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34 Cards in this Set

  • Front
  • Back
Termination of JT
S everence and Sale
P artition
A nd
M ortgages
Lien theory of mortgages (JT)
does NOT sever the JT
Rights and Duties of Co-Tenants
Adverse possession Improvements
Rent from co-tenant Carrying costs
Rent from third parties Repairs
Periodic Tenancy - creation
1) Express agreement
2) Implication
3) Operation of law
Tenant Duty to Pay Rent - LL options
S urrender
I gnore the abandonment (minority rule)
R e-let the premises (majority rule; mitigate damages)
Landlord duties
1) Deliver possession
2) Covenant of Quiet Enjoyment
3) Implied Warranty of habitability
Implied Covenant of Quiet enjoyment
Applies to both residential and commercial

Occurs with:
1) Actual Eviction
2) Construction Eviction
S ubstantial I nterference
N otice
G oodbye
Implied warranty of habitability
Only residential property (non-waivable)

Premises must be fit for basic human habitation
Implied warranty of habitability: Tenant Remedies
M ove Out
R epair and Deduct
R educe rent
R emain in possession
Landlord Tort Liability
Standard - buyer beware

C ommon areas
L atent defect rule
A ssumption of repairs
P ublic use rule
S hort term lease
Easements: Affirmative
P rescription
I mplication
N ecessity
G rant
Easements: Negative
L and
A ir
S upport
S treamwater
Easements - termination of
E stoppel
N ecessity
D estruction

C ondemnation
R elease
A bandonment
M erger Doctrine
P rescription
Covenants - burden side analysis
W riting
I ntent
T ouch and concern the land
H orizontal (AND Vertical Privity)
N otice
Covenants - benefited side analysis
W riting
I ntent
T ouch and concern
V ertical privity
Equitable Servitudes
W riting
I ntent
T ouch and Concern
N otice
E quitable
S ervitude
Implied Equitable Servitudes - requirements
1) When selling began, developer had a general scheme or plan
2) D lotholder had NOTICE of promise
Notice - Types of (covenants and equitable servitudes)
A ctual (direct knowledge)
I nquiry (neighborhood looks like conforms to something)
R ecord (prior deed in grantee's chain or title)
Equitable Defenses
1) Unclean hands (also violating the restriction)
2) Estoppel (think it was abandoned)
3) Changed conditions
Land Contract - requirements
1) Meet statute of frauds
2) Doctrine of equitable conversion (risk of loss shifts at K time)
3) Implied promises:
- Marketable Title - promised by seller at closing
- No false statements of material fact
Marketable title (definition and defects)
Title reasonably free from doubt

1) Defects in chain in title:
- Adverse possession
- Future interests held by unborn or unascertainable parties

2) Encumbrances - like mortgages, liens, restrictive covenants, and easements will render title unmarketable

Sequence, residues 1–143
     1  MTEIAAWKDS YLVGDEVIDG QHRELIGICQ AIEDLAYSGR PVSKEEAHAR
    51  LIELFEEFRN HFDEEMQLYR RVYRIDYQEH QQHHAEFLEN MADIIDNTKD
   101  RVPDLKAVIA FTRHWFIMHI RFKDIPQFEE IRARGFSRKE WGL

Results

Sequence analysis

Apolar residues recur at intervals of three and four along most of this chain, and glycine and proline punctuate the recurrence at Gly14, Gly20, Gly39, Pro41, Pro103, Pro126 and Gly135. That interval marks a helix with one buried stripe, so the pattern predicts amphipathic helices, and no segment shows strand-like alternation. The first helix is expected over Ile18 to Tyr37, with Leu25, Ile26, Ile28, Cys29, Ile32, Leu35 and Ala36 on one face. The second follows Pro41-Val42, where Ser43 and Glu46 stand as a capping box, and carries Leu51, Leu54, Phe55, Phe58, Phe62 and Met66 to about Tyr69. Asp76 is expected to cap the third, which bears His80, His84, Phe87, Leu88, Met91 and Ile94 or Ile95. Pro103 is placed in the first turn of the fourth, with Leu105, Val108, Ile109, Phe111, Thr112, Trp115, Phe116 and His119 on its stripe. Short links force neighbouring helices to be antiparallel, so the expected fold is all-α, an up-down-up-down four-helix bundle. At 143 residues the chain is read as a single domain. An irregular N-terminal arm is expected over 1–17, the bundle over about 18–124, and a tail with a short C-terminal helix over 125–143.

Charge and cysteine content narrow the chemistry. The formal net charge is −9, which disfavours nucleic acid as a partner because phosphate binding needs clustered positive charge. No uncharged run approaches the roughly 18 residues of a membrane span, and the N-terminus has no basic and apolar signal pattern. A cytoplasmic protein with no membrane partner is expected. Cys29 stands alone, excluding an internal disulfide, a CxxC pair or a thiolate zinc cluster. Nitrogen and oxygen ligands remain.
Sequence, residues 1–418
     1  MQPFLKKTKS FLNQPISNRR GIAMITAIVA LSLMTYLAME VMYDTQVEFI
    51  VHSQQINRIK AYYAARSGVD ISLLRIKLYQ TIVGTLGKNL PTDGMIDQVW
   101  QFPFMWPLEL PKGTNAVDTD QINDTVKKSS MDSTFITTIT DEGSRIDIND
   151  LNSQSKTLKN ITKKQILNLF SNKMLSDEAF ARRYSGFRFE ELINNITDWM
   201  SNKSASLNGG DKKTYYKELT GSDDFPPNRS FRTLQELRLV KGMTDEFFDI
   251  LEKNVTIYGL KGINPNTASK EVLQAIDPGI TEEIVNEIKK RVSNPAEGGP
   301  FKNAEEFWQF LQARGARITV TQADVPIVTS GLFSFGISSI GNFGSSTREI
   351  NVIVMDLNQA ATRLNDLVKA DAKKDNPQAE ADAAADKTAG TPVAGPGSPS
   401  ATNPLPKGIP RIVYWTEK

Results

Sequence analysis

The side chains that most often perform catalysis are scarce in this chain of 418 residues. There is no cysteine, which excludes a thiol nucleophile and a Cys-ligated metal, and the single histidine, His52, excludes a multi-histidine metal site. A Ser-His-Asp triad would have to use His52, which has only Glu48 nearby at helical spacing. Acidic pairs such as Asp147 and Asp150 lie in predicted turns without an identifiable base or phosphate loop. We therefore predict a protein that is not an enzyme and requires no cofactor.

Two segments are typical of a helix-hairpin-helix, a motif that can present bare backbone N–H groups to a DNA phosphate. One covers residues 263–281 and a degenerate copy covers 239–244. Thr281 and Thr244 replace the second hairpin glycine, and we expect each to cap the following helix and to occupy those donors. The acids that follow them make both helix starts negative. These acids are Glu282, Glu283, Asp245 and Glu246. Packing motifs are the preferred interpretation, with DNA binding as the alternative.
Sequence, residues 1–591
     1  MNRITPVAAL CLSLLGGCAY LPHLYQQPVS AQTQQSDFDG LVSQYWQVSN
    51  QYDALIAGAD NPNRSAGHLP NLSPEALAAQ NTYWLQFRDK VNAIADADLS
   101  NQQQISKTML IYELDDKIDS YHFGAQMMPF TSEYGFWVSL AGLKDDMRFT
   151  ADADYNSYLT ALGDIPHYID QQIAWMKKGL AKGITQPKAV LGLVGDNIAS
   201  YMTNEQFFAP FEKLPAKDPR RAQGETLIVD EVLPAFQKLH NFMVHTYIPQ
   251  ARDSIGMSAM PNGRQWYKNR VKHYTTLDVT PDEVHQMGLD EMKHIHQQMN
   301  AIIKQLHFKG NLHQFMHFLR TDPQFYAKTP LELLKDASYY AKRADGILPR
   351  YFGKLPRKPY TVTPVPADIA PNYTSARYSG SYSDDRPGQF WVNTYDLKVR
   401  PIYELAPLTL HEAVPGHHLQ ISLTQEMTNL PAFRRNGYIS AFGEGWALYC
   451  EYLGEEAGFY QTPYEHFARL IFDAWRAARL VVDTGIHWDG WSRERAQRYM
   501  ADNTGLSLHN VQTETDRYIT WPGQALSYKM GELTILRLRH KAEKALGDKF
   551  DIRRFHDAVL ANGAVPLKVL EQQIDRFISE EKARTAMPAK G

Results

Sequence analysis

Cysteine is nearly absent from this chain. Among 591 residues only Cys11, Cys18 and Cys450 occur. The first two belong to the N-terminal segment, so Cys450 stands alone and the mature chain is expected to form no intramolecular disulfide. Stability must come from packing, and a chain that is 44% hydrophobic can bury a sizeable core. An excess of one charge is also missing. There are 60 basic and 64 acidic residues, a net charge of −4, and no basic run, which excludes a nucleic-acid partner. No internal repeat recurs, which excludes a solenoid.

3) Zoning restriction

4) Time of marketability
Seller Liability for Defective Property
Warranty of Fitness or Quality - New Construction Only

Sale of Existing Land and Buildings - Liabilty for defects if
1) Misrepresentation (fraud)
2) Active Concealment
3) Failure to disclose (if he knows, or has reason to know, or serious problem)
Deeds - effective transfer
L awful
E xecution of a deed

A nd
D elivery
Deeds: Formalities
A deed must be in WRITING, be SIGNED by GRANTOR, and reasonably IDENTIFY the PARTIES and the LAND
Deeds: Delivery
NOTE: Title passes upon delivery (acceptance presumed in most cases)

1) Physical transfer - hand it to him; mail; agent; messenger
2) Legal transfer - present intent to be delivered
Covenants for Title: 3 types of deeds
1. Covenants in General Warranty
2. Statutory Special Warranty Deed
3. Quitclaim Deeds
Covenants in General Warranty
1. Seisin (has the estate she purports to convey)
2. Right to convey (has title)
3. Against encumbrances (like mortgages or encroachments)
4. Quiet enjoyment (grantee not be disturbed by 3rd party lawful claim of title)
5. Warranty (defend against reasonable claims of title)
6. Further assurances
Statutory special warranty
Two limited assurances:
1) grantor has not conveyed the same estate or any interests therin to anyone other than grantor
2) that the estate is free from encumbrances made by the grantor
Quitclaim Deeds
no covenants of title are included or implied
Recording Acts - purpose
To protect BFP from SECRET interests previously created and provide a mechanism for "earlier" grantees to give notice through recordation
Notice Statutes
subsequent BFP prevails over a prior grantee who failed to record
Race Notice Statutes
Subsequent BFP only protected if she takes without notice AND records before the prior grantee
BFP - types of notice
1) Actual notice - includes knowledge obtained from any source (like newspaper and word-of-mouth)
2) Inquiry
3) Record notice - chain of title
- Wild deeds - not connected to chain of title, so no constructive notice
- Shelter rule - one who takes from BFP stands in his shoes
Foreclosure: Redemption
Redemption in Equity - at any time prior to the foreclosure sale, mortgagor may redeem the property by paying the amount due

Statutory redemption - half of states allow mortgagor to redeem property for fixed period after the foreclosure sale has occurred